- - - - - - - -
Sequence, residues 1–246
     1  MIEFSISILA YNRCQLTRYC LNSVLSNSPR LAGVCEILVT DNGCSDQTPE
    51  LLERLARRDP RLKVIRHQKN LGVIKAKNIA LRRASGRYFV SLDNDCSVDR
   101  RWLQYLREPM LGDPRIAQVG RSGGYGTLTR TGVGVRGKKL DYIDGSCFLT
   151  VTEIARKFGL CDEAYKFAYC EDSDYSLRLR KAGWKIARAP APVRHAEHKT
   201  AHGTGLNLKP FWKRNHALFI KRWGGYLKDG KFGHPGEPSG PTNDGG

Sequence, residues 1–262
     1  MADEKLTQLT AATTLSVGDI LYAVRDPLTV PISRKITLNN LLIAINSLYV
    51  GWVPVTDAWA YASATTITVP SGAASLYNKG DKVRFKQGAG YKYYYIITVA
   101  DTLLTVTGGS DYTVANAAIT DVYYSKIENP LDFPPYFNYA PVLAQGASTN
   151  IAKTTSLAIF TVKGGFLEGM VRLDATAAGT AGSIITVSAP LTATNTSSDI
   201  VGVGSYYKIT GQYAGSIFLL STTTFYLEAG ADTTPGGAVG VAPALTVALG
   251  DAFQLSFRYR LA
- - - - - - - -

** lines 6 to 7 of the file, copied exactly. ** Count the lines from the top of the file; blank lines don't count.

   201  AHGTGLNLKP FWKRNHALFI KRWGGYLKDG KFGHPGEPSG PTNDGG

Sequence, residues 1–262